GK: Rrrrrrrrrrrrrrrrrrrrrrrrrrrmmmmmm. Rrrrrrrrrrrrrrrrrmmmmmm. TIC.

TR (GERMAN): Just as I thought. We'll send you in for an MRI. (BRIDGE)

GK: So I went in for an MRI, a Mental Resources Inventory. You put on a hospital gown and go into a room with a machine the size of a mini-bus. (FOOTSTEPS, BIG STEEL DOOR CLANGS SHUT) And they have you lie down on a narrow steel bed which then retracts into a narrow tunnel in the machine, like the tongue of a frog going back into the mouth and you are the bug.

SS (ON TINNY INTERCOM): Can you hear me?

GK: (LOTS O' REVERB) Yes?

SS (ON TINNY INTERCOM): I need you to be perfectly still for the next half-hour, okay?

GK (REVERB): Okay.

SS (ON TINNY INTERCOM): Lie perfectly still.

GK (REVERB): Okay.

SS (INTERCOM): We do the M.R.I. by taking a scan of your brain using sound waves, and you'll hear several series of sounds that will sound like drum solos. Okay?

GK (REVERB): Fine.

SS (INTERCOM): And we need you go stay perfectly still.

GK (REVERB): Can I breathe?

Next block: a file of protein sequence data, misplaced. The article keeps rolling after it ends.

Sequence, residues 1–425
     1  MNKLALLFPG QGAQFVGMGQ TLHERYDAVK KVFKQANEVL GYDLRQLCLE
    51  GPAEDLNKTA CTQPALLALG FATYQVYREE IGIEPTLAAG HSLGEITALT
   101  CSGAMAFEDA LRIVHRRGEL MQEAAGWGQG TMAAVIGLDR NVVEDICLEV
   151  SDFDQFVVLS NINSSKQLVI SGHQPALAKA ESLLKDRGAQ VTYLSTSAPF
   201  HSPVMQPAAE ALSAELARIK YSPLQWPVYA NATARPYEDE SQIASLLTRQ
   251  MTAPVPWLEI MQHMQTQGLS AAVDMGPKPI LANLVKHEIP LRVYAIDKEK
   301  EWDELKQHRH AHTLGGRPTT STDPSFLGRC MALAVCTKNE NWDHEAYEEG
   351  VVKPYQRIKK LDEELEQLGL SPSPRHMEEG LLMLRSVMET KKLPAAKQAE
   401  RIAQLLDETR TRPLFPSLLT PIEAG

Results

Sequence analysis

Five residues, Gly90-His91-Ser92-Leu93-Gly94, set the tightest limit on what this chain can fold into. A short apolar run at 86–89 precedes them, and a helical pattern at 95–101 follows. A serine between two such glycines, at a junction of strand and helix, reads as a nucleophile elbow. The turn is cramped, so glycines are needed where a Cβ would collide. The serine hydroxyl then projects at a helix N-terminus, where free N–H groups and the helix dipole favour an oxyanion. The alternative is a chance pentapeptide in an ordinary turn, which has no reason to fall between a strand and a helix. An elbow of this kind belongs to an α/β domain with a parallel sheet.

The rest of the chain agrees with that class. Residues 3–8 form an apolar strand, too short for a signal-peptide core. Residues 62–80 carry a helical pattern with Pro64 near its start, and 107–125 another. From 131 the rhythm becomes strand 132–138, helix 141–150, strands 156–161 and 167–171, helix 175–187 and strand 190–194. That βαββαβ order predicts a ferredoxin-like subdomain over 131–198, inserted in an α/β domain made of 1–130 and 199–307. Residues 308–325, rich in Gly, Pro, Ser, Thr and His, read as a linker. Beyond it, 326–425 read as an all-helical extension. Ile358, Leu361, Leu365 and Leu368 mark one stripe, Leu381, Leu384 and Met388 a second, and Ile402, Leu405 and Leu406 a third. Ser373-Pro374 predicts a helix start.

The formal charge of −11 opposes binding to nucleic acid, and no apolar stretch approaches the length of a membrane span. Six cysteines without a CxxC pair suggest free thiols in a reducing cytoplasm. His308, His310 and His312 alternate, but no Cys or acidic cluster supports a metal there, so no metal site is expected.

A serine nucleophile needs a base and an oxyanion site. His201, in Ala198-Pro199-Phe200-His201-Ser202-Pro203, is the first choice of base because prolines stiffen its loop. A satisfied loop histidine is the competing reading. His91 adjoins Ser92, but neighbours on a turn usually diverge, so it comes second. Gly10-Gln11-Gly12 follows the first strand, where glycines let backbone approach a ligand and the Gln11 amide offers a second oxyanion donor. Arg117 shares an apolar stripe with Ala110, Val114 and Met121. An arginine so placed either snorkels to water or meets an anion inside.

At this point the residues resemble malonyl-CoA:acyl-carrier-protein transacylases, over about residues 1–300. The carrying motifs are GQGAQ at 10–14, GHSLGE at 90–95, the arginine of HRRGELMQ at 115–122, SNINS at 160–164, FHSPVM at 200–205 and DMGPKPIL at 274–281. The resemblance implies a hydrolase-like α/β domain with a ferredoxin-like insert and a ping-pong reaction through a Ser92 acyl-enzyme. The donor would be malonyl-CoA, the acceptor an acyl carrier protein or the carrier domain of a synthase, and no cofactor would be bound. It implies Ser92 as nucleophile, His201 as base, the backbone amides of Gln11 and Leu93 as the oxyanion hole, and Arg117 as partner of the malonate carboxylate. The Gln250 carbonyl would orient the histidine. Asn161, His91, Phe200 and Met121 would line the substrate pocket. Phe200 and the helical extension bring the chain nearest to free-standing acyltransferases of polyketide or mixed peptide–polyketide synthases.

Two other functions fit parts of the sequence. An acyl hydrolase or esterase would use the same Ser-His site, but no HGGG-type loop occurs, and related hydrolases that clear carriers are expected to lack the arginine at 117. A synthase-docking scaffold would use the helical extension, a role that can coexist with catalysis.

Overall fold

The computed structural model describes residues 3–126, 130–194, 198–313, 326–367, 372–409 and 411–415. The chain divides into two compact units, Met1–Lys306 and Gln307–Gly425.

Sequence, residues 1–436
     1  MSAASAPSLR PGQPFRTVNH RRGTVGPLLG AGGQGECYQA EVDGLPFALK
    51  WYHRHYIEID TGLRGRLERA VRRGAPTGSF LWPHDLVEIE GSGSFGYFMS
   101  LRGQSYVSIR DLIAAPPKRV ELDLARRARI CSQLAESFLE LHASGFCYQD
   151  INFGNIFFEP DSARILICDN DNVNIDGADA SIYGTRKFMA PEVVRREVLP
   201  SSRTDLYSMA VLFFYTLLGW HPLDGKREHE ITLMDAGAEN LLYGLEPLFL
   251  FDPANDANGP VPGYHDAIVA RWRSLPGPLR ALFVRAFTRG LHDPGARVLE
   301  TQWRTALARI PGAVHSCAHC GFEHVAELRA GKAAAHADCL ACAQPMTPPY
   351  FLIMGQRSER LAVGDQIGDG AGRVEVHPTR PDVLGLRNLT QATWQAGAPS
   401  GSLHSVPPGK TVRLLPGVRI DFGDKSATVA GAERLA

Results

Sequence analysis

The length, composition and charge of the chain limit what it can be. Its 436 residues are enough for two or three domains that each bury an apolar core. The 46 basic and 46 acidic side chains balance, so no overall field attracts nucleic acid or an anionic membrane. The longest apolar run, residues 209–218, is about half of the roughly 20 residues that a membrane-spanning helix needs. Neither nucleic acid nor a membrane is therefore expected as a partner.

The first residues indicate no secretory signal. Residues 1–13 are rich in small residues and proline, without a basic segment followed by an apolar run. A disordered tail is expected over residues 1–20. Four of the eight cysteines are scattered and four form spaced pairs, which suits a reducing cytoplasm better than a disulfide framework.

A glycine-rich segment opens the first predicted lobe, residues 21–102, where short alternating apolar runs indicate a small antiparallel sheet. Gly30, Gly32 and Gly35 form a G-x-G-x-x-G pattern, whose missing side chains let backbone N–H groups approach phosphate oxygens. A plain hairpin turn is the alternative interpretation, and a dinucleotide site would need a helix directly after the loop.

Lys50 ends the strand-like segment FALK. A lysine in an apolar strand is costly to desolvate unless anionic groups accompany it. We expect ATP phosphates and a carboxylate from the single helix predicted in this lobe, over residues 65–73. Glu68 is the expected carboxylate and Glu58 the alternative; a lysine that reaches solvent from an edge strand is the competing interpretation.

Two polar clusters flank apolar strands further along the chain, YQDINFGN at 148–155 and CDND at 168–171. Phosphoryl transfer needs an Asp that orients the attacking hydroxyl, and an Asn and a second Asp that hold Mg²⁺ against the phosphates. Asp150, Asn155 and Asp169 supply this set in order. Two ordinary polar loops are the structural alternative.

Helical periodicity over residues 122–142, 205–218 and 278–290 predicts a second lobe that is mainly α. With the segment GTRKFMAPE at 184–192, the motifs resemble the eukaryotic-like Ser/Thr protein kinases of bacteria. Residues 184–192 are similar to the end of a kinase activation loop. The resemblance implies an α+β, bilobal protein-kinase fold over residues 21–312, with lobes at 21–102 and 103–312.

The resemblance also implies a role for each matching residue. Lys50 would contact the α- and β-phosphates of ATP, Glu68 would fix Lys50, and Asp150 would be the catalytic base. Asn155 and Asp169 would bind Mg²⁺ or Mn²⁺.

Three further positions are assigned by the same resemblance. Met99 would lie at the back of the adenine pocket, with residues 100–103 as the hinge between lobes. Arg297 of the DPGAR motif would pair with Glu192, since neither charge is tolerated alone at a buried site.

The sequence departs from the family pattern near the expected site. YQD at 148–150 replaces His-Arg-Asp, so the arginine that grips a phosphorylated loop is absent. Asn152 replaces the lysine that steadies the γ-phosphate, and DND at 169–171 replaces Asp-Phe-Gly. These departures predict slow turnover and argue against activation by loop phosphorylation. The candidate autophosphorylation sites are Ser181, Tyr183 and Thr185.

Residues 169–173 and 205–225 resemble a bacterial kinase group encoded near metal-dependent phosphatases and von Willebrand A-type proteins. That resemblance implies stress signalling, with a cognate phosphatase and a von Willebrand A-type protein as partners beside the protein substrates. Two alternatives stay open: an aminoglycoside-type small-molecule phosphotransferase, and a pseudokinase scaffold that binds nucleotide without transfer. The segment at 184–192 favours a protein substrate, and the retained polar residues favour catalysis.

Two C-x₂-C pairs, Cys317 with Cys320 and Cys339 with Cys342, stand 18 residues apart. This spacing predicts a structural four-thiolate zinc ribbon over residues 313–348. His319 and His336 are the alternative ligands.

SS (INTERCOM): If you need to, yes. Here comes the first series.

(DRUM SOLO)

GK (NO REVERB): I lay there on my narrow bed inside the steel tube and I couldn't help but think of torture.

TR (NAZI): You will talk. We have ways of making you talk. We will slide you into a slender metal drum and you will stay there unable to move and we will subject you to a drum solo---

SS (INTERCOM): Okay. We're ready for the next scan. How are we doing?

GK (REVERB): We?

SS (INTERCOM): Are you doing okay?

GK (REVERB): Fine.

SS (INTERCOM): Here's the next series of sound waves now.

(BONGO SOLO)

GK (NO REVERB): I imagined that I was a child trapped in a tunnel, in a cave-in.